As might be expected from a blog post entitled “Diversions”, written for an online journal aimed primarily at PhD students, this one starts by stirring up images of articles left half-finished and monographs lying shut upon a desk, their unturned pages crying softly through their unbent spines to be read. Pressing as it may be for the contents of these no doubt worthy sources to be imbibed by their, you guessed it, distracted reader, he has far more diverting things with which to occupy his time than concerning himself with reading a Marxist critique of this, a Freudian analysis of that. From a dust jacket, a certain pessimistic German theorist from the last century stares out towards the unoccupied chair in which a diligent young researcher should be sitting, his disapproving gaze threatening to burn a hole in the upholstery. But enough context, it’s time to come to the point of this post. Continue reading →
Individuals who seem fated with misfortune are sometimes described as “star-crossed.” This idiom comes from the belief that earthly phenomena are governed by the positions of celestial objects. The etymology of disaster – a negative position, “dis”, from a star, “astre” – can be traced to this belief. The notion that disasters are unavoidable plays an interesting role in the world today. No longer does the disaster remain limited to the purview of earthquakes, tornadoes, and floods – those things which we have called ‘acts of God’ – but disasters of our own making – nuclear, economic, and environmental. In this upcoming theme, we at Still Point are seeking contributions from masters, doctoral and early career researchers that tackle the topic of DISASTERS, be it political, personal, or academic. Do you reflect on disaster as part of your work? Have you ever had a ‘research disaster’? How does disaster shape the world we live in today?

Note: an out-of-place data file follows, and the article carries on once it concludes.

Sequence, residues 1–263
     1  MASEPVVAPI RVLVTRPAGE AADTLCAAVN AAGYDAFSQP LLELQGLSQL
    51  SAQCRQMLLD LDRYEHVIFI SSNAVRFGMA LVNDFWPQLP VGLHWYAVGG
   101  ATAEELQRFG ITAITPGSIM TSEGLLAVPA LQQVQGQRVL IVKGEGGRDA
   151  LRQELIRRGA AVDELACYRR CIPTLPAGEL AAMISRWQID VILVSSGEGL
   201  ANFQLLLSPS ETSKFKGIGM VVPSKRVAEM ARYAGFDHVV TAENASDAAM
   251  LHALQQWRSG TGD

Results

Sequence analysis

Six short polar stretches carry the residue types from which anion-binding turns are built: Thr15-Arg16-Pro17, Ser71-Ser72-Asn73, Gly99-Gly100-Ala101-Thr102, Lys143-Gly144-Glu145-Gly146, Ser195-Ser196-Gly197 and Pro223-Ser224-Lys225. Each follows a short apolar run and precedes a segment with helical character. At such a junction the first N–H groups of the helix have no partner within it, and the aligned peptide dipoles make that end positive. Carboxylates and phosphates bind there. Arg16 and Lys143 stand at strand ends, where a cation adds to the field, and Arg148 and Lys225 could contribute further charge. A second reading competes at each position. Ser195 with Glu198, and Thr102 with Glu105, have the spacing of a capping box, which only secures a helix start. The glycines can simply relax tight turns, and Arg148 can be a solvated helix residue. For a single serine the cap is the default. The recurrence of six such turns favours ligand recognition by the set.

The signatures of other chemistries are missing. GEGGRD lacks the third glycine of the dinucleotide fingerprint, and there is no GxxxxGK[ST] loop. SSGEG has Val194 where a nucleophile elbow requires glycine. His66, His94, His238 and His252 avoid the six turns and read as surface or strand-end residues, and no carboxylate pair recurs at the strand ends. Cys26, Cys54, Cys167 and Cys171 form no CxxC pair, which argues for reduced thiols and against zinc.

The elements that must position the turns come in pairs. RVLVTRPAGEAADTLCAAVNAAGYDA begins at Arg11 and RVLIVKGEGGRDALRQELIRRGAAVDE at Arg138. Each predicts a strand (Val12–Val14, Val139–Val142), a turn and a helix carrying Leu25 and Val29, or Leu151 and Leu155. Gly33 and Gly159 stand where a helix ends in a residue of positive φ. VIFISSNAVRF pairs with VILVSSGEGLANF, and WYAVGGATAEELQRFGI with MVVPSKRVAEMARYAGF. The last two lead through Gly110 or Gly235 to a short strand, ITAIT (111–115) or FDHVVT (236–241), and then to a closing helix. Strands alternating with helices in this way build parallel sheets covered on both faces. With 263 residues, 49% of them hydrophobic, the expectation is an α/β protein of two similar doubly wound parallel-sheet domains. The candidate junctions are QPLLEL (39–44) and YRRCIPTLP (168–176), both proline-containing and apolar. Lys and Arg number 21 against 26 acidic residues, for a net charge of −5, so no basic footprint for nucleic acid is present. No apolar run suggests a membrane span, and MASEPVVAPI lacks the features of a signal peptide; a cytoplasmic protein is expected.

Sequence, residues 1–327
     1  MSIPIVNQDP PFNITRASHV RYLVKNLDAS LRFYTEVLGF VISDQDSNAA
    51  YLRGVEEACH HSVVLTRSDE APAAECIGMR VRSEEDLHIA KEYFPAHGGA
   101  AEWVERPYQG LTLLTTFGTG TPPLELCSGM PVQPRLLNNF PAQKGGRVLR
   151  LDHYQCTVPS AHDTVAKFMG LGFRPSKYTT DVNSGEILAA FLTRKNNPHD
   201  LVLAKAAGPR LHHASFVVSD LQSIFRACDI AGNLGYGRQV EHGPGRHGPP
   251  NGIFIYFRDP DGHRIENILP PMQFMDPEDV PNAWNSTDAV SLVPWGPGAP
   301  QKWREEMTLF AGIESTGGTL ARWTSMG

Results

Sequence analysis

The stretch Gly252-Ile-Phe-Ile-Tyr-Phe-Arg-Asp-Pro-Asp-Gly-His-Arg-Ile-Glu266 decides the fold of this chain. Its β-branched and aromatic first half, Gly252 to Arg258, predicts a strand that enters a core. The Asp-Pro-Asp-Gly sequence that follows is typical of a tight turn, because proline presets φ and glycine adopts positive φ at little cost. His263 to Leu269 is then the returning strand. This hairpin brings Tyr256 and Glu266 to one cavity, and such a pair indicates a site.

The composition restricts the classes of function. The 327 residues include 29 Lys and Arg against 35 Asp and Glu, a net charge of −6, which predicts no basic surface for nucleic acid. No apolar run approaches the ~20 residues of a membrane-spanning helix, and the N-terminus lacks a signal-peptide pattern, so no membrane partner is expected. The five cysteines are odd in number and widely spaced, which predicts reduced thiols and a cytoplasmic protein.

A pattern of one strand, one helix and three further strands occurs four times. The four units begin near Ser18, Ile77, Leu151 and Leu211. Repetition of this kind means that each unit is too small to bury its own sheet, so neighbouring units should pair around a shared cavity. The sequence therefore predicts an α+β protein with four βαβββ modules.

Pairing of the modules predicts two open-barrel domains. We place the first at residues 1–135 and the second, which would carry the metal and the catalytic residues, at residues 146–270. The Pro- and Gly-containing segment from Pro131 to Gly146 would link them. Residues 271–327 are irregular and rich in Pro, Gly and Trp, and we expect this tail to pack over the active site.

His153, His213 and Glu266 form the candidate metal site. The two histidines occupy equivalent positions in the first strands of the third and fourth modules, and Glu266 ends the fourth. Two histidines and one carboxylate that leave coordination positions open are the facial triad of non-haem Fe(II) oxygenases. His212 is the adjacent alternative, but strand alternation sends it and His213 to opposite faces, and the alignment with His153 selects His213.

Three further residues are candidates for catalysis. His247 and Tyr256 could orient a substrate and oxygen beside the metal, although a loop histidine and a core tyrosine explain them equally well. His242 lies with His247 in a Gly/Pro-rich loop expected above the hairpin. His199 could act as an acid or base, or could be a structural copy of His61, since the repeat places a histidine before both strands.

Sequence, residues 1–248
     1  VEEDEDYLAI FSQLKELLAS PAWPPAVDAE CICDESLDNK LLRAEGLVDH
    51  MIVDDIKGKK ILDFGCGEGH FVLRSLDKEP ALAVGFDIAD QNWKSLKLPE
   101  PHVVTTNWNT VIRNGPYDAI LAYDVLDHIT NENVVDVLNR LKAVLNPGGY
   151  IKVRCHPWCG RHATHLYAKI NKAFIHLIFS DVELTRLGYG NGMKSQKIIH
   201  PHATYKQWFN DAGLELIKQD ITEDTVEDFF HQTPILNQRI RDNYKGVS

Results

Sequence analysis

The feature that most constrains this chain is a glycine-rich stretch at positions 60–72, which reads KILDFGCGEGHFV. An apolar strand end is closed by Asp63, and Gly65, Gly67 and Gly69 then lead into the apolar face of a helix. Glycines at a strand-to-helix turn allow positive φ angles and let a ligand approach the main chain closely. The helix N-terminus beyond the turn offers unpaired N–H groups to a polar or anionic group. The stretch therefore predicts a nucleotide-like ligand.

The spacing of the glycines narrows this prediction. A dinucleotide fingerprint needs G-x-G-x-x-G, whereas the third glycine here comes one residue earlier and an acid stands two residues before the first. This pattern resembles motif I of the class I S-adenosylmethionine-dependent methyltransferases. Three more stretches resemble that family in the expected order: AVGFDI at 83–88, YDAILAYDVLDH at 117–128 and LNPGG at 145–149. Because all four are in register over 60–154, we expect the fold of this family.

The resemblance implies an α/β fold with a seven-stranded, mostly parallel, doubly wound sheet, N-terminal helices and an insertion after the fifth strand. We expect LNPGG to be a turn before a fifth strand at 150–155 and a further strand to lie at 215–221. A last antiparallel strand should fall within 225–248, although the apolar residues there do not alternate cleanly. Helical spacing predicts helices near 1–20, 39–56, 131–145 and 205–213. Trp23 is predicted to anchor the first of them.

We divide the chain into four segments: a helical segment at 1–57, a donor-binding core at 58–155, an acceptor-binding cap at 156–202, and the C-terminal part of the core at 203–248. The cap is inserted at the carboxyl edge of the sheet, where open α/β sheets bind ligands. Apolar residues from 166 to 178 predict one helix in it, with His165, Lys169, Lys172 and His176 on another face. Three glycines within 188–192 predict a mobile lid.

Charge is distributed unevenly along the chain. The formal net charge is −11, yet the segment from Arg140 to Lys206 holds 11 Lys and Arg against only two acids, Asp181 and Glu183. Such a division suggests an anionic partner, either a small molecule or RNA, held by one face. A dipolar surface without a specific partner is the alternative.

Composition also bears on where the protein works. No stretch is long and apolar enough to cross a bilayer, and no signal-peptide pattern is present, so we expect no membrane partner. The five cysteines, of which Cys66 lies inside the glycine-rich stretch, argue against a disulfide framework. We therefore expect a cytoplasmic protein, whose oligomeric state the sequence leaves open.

Ideally submissions will be:
between 500-750 words with original or high quality images (but we may accept longer pieces)
for visual and multimedia artists, send us high quality images of your artwork or embed links to sound, video work, or gifs, accompanied by up to 300 words.
We welcome creative responses, and inventiveness and flexibility are encouraged both in response to the theme and in terms of the form which entries take.
The Still Point Journal is a literary journal for Arts and Humanities researchers in London, funded by the LAHP (London Arts & Humanities Partnership) and the AHRC. Our particular focus is on non-fiction writing related to the process and the experience of conducting research, and on creative articulations of and responses to this experience.
Please send submissions to firstname.lastname@example.org.
As a special project in July 2017, the theme for the Still Point blog will be an ‘Open Mic’ dedicated entirely to Undergraduate Research. We are seeking blog posts from Arts and Humanities undergraduate students from London universities that directly engage with research they have conducted – particularly final year students who have undertaken dissertations – in order to actively promote and celebrate the work of undergraduates and aspiring academics. We also welcome submissions from undergraduates based on the experience and process of conducting their research, which can take a variety of forms; including, but not limited to, non-fiction, fiction, poetry, and visual art.